Welsh football chiefs remain opposed to any of their country's players representing Great Britain at the London 2012 Olympics. Tottenham and Wales star Gareth Bale, one of the hottest properties in the British game, has reportedly intimated his interest in featuring at the tournament. At present, that is not possible as the Football Association of Wales (FAW), along with its Scottish and Northern Irish counterparts, is refusing to take part.
Those associations fear that their independent status within world governing body Fifa could be jeopardised if they were to participate. The English Football Association has therefore agreed to represent the host nation at the Games.
The British Olympic Association insists, however, it would be discriminatory if the FA refuses to select players from any of the other home nations. The impasse seems unlikely to be broken soon with the FAW yesterday insisting it would not make its players available.
FAW chief executive Jonathan Ford said: "Our position on this has not changed and is unlikely to change. There is no drive for us to change our position."
With Wales having not qualified for a major tournament since 1958, the attraction for a player such as 21-year-old Bale to the Olympic event is obvious. Arsenal's Aaron Ramsey, 20, is another player who would probably come into consideration if selection for the Olympic tournament, which is an under-23 competition, was open.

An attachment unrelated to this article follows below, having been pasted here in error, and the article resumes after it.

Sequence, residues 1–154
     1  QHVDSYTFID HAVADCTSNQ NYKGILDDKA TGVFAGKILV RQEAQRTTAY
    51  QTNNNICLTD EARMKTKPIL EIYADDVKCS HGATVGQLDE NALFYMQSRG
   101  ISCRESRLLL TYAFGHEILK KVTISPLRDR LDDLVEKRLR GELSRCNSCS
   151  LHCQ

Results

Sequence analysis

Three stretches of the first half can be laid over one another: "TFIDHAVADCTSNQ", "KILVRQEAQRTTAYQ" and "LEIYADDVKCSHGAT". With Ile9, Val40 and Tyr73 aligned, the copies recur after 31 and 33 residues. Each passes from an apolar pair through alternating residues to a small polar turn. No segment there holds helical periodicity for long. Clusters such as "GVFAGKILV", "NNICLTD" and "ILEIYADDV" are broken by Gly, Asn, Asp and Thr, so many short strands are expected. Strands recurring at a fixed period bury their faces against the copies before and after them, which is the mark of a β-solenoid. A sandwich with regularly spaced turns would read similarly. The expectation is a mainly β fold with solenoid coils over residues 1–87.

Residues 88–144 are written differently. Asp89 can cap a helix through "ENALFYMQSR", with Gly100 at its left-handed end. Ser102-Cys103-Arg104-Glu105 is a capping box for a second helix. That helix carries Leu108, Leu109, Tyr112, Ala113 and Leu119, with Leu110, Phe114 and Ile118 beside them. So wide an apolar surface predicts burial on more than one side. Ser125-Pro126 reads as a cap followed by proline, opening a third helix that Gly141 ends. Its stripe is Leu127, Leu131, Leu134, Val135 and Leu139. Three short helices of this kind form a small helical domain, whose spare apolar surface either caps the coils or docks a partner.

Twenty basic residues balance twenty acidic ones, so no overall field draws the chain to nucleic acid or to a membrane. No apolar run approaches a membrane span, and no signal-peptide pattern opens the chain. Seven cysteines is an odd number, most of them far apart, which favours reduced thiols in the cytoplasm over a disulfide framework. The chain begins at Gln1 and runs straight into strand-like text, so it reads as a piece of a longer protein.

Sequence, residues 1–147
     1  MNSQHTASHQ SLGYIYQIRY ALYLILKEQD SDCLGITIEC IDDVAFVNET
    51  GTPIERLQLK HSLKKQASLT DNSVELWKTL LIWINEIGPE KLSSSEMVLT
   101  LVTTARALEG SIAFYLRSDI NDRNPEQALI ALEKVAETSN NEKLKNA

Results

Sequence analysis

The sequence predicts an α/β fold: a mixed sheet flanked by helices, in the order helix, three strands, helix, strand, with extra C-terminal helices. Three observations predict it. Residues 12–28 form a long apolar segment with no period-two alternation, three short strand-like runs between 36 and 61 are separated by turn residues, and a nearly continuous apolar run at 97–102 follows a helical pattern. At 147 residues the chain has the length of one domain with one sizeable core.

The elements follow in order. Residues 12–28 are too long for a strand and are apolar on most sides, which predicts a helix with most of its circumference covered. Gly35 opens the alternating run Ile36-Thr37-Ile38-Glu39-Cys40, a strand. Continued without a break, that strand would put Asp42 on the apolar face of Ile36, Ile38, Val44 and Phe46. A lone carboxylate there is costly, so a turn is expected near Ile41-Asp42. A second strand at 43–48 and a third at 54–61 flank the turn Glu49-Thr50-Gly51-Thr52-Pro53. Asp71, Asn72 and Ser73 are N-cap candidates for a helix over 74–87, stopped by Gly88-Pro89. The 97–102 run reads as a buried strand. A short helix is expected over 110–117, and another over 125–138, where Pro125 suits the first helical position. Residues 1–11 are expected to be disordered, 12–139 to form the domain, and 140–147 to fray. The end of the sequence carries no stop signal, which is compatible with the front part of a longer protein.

Ford says no player has come forward with a request to the FAW about the matter. He added: "We haven't been in a situation where anybody has been approached. Let's take one step at a time and if we get to that we will have the discussion at that time."
Ford was speaking at a press conference to announce Vauxhall as the FAW's new main sponsor until the end of the 2014 World Cup campaign. The car manufacturer has already agreed a deal with the English FA and is expected to make further announcements in conjunction with Scotland and Northern Ireland in the coming days.
These new sponsorship deals have coincided with reports that the Home International tournament could be revived.
The FA has played down the suggestions by saying that it is considering arranging a series of friendlies with the other home nations in 2013, the year of their 150th anniversary.
Ford has gone a step further by suggesting England could be included in that year's Carling Nations Cup. That competition takes place for the first time this year with Wales, Scotland, Northern Ireland and the Republic of Ireland playing in a round-robin event in Dublin.
Ford added: "I can confirm that some provisional discussions have taken place but they are just discussions at the moment with regard to what the remit of the 2013 tournament could be.
"I can certainly suggest on behalf of the Football Association of Wales, that if England did come back into the fold for a competition we would be delighted to take part ourselves."